What does that teach us? You can both count on the promises of God which have a present reality and future promise. For example, we have the promise of comfort, 'they shall be comforted.' We are comforted now on earth through the Holy Spirit, our comforter through the means of grace like the Word of God and Prayer, but we know that full comfort will only be in heaven. As Revelation 21:4 says, "God will wipe away every tear from their eyes, and death shall be no more, neither shall there be mourning nor crying nor pain anymore."  We partly experience the comfort of God now, but there is a future promise when perfect comfort will be ours. We have foretastes of it now, but we will experience vastly more in the future.

One of the keywords of the Beatitudes is 'blessed.' Some translations use 'happy' instead of 'blessed.' Happiness is temporary. Not even the most optimistic person in the world is happy all the time. We know of many celebrities who ended their life after depression. The reality is we all face sorrow, sadness, and down days. We feel happy one day, and the next, we might feel depressed. The word 'blessed' has a much deeper meaning as it has to do with our souls, our inner being. This blessedness is not merely an emotional state but an inner attitude that gives us true peace, joy, contentment and fullness of life.   It refers to a deep, contented state, deep in the heart, knowing we belong to God and are joyful knowing His love and sovereignty.   A truly blessed person will experience His favour and grace in spite of trials. The apostle Paul writes about the times he has been shipwrecked, lost at sea, beaten nearly to death, put in prison, and then he writes about the joy that comes from his faith in Christ. None of those were happy experiences, but they didn't diminish his joy as he knew he was blessed.  We are indeed blessed people and will remain blessed because of Christ.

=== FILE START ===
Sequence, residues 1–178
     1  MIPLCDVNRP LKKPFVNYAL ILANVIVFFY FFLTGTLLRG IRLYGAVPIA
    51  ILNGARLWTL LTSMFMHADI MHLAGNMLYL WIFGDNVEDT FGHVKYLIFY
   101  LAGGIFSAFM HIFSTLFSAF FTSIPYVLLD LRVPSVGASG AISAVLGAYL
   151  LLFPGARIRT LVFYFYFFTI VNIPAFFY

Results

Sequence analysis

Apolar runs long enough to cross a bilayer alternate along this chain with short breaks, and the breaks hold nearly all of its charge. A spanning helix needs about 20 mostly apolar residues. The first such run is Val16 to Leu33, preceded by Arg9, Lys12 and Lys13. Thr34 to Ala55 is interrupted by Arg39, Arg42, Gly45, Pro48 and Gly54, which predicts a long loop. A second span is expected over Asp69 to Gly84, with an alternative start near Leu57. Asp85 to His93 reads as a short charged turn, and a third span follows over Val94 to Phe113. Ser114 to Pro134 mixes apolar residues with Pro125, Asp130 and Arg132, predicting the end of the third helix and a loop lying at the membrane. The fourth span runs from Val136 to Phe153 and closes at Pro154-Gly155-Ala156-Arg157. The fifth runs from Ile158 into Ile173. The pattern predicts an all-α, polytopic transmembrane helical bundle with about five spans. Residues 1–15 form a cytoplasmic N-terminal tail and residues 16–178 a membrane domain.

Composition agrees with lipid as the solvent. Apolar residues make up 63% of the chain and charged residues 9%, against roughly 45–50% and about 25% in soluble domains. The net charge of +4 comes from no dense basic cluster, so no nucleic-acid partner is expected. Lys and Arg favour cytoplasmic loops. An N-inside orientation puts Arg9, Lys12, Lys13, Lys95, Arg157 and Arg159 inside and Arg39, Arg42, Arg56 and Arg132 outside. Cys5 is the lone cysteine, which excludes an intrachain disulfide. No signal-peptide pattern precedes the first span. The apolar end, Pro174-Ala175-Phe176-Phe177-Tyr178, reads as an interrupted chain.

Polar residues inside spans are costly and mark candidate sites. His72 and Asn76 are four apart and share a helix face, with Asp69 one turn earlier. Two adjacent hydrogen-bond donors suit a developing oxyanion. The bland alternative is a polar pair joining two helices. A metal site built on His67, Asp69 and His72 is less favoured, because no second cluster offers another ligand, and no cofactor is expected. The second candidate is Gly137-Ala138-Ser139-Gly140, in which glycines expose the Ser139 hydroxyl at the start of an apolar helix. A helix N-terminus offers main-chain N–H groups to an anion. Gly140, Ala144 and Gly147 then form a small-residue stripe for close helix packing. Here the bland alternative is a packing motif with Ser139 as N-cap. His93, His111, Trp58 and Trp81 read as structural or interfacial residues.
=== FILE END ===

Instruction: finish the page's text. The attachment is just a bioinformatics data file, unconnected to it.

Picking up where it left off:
Jesus wants us to enjoy this blessedness as these are the characteristics of God's children. The Beatitudes are about life and about how to live. The Beatitudes are the foundation of the Christian life upon which a godly life is to build for God's glory. This is the blueprint of true joy and satisfied living. Jesus calls the disciples to live a life of blessedness. Take a closer look at the Beatitudes and the sins present in the world, and you will see two paths ahead of us and with clearly two sets of invitations. Both call us to serve them, eat their fruit, enjoy, believe, and experience life.  But only one will lead us and make us blessed. Listen to this invitation from Jesus to us and embrace the Beatitudes.

Do you have these character traits? Are you a blessed person?


Rev Mathews


More Lively Hope



  • Welcome to our pulpit – Rev Kyle Graham.
  • With easing of restrictions, worship services will resume as before with Sunday School children and families in the Sanctuary, with light refreshments after service.
  • Final reminder that ACM ministry reports are to be submitted by today.
  • Tithes & offerings - electronic - refer to Lively Hope. Please indicate if it is for offering, tithe or for a specific person or ministry.


Praise & Thanksgiving

  • God’s daily guidance, protection & providence for the past week.
  • Easing of COVID-19 restrictions in South Australia.
  • Integrated Fellowship camp: speaker (Rev Kyle Graham), organisers and all who attended.
  • Journey mercies: Pastor Ki & Sis Myung Ki (Mildura), IF campers (Woodhouse); and all who have travelled.


Prayer Requests

  • Healing: Rev Pong Sen Yiew (S’pore) & all others who are unwell.
  • Recovery from COVID-19 - Sis Ang Liang’s husband, Elder Ady, and daughter, Olyvia.
  • Comfort in grief.